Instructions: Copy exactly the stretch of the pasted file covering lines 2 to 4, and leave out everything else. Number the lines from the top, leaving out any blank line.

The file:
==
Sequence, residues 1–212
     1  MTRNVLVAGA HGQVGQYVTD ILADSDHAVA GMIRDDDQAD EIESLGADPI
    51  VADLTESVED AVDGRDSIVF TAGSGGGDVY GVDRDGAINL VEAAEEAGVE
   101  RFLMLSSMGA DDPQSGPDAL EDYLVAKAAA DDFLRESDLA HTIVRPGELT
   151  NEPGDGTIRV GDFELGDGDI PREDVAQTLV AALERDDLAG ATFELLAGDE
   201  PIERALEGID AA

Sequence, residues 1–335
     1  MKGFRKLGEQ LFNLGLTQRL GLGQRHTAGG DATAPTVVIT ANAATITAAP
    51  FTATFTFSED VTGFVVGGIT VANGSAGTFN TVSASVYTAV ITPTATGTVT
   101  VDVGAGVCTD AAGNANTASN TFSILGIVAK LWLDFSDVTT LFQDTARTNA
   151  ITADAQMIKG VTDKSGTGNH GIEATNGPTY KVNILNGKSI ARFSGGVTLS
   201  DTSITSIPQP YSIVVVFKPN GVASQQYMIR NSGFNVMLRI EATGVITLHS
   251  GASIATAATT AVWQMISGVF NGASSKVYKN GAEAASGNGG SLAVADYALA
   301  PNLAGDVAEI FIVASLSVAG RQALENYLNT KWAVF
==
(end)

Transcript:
     1  MTRNVLVAGA HGQVGQYVTD ILADSDHAVA GMIRDDDQAD EIESLGADPI
    51  VADLTESVED AVDGRDSIVF TAGSGGGDVY GVDRDGAINL VEAAEEAGVE
   101  RFLMLSSMGA DDPQSGPDAL EDYLVAKAAA DDFLRESDLA HTIVRPGELT